The following review of The Light of Venus appeared in the Sep 2013 issue of Dell Horoscope Magazine. It is reprinted here with permission.
“A classic conversation starter since the evolutionary 1960s has been “What’s your sign?” But, if astrologer Adam Gainsburg had his way, the new line would be “What’s your phase?” The question refers to the 13 phases of Venus in her relationship to the Sun. Most people know that Venus can be seen as a Morning Star and as an Evening Star, and then there’s the transition between these two when she’s invisible. By actually observing Venus in the night sky go through these changes, Gainsburg has refined the discernible phases into 13 distinctive categories, each with its own very specific meaning.
The Light of Venus is Gainsburg’s explanation of these 13 phases and how they can be interpreted in the natal chart. The author seems to be riding the same wave as Arielle Guttman whose most recent book, Venus Star Rising, was reviewed in the October 2011 issue of this magazine. Both authors have undertaken revolutionary new approaches to understanding Venus in the horoscope. And they’ve both correlated their interested in the subject to the emerging Feminine consciousness that is supplanting the patriarchal dominance of the last several millennia. Both authors have linked Venus to one’s ultimate purpose in life, though they do this in very different ways.
Gainsburg has summarized the key principle in his method by emphasizing that “[y]our personal life purpose is bigger than your personal life.” I like this statement for its zen-like quality, for its apparent paradox that, once understood, leads the reader to primary qualities of the 13 Venus phases. In traditional astrology, Venus is associated with romance, art, relationships, personal attraction, and financial affairs. Venus is also about doing what feels natural rather than what one is supposed to do, or believes one should do. By tuning into Venus, we turn inward to what feels right in our hearts. We begin expressing our genuine talents or gifts, and in this way, we are participating in the Return of the Feminine.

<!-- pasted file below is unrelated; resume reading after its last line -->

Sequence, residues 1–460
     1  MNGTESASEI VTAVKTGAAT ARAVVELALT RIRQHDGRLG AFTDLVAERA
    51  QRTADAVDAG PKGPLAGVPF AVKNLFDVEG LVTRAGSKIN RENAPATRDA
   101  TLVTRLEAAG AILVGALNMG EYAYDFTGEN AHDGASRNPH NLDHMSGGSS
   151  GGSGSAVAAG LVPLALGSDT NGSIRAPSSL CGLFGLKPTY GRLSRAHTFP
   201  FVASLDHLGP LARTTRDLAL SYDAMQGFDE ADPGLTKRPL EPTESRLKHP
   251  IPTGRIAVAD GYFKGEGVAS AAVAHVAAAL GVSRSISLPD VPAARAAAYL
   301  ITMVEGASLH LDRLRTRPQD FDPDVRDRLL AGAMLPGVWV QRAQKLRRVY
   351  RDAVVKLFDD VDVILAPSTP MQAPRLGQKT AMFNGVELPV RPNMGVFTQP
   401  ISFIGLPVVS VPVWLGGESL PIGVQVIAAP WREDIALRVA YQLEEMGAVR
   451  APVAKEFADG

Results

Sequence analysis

It’s not just about gender, since men and women all have Venus somewhere in their chart and can engage this planet and her connections to society-at-large. In this way, following our personal passion becomes a socially enhancing process. Gainsburg discusses all this in terms of one’s “dharma,” which is something we enter this world already wired to experience. Dharma is “one’s spiritual responsibility, the work, gift or thing only you can bring into the world, and any practice(s) that clarify or strengthen you to do that.” When we work out our individual dharma, we are simultaneously helping society to evolve.
All this is explained in Part I of The Light of Venus, which covers the first 50 pages. The bulk of the book is Part II, which has 13 chapters, one for each of the Venus phases. Part III is a look-up table for the Venus phases so you can easily find out what phase you were born under. It covers the years 1900 to 2100, and if you were born when the phase shifted from one to the next, the author suggests that you read both, since you were born on the cusp.
The physical characteristics that separate one Venus phase from another are her brightness, speed, distance from the Sun and retrograde and direct stations. Each of these qualities helps define the individual phases. For example, the first phase is when Venus is conjunct the Sun and is therefore invisible. This interval is called the Inception Phase, and it tends to encourage reliance on self; it may mean that others don’t understand you well (Venus’s light is hidden). The symbolism of Venus in this very early position of hr journey around the Sun suggests that you may feel like you only have time for important matters or for what is most real. The dharma of this phase is “working with potentials to fertilize the dream of a richer togetherness.”
In the same way, each of the 13 phases is explored by offering key phrases, a deeper explanation, a diagram that depicts the leg of Venus’s entire journey and a meditation image. Throughout the narrative, the author shows how the phase connects one’s personal purpose to the advancement of civilization. This is one’s dharma, which is ingeniously associated with Venus. Gainsburg’s text is completely original, unique and relevant.
Review by Chris Lorenz
Dell Horoscope Magazine